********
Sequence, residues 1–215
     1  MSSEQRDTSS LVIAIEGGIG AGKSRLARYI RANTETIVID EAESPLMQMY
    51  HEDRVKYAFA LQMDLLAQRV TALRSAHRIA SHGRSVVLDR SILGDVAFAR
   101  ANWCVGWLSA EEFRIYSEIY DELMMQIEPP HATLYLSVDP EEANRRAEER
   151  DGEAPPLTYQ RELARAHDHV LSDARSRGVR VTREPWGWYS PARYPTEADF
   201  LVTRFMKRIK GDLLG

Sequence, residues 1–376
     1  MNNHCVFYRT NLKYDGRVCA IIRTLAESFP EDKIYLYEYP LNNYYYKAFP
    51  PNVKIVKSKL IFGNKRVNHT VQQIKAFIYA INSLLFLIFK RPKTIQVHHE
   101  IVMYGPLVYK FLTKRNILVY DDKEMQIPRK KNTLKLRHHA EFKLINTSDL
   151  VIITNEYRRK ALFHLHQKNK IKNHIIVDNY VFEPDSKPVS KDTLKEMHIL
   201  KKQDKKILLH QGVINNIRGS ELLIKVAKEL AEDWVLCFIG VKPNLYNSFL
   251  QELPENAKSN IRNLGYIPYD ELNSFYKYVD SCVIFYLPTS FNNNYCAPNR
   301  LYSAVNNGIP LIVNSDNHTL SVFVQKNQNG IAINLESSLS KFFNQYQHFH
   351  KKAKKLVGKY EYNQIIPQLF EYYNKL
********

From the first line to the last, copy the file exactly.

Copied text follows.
Sequence, residues 1–215
     1  MSSEQRDTSS LVIAIEGGIG AGKSRLARYI RANTETIVID EAESPLMQMY
    51  HEDRVKYAFA LQMDLLAQRV TALRSAHRIA SHGRSVVLDR SILGDVAFAR
   101  ANWCVGWLSA EEFRIYSEIY DELMMQIEPP HATLYLSVDP EEANRRAEER
   151  DGEAPPLTYQ RELARAHDHV LSDARSRGVR VTREPWGWYS PARYPTEADF
   201  LVTRFMKRIK GDLLG

Sequence, residues 1–376
     1  MNNHCVFYRT NLKYDGRVCA IIRTLAESFP EDKIYLYEYP LNNYYYKAFP
    51  PNVKIVKSKL IFGNKRVNHT VQQIKAFIYA INSLLFLIFK RPKTIQVHHE
   101  IVMYGPLVYK FLTKRNILVY DDKEMQIPRK KNTLKLRHHA EFKLINTSDL
   151  VIITNEYRRK ALFHLHQKNK IKNHIIVDNY VFEPDSKPVS KDTLKEMHIL
   201  KKQDKKILLH QGVINNIRGS ELLIKVAKEL AEDWVLCFIG VKPNLYNSFL
   251  QELPENAKSN IRNLGYIPYD ELNSFYKYVD SCVIFYLPTS FNNNYCAPNR
   301  LYSAVNNGIP LIVNSDNHTL SVFVQKNQNG IAINLESSLS KFFNQYQHFH
   351  KKAKKLVGKY EYNQIIPQLF EYYNKL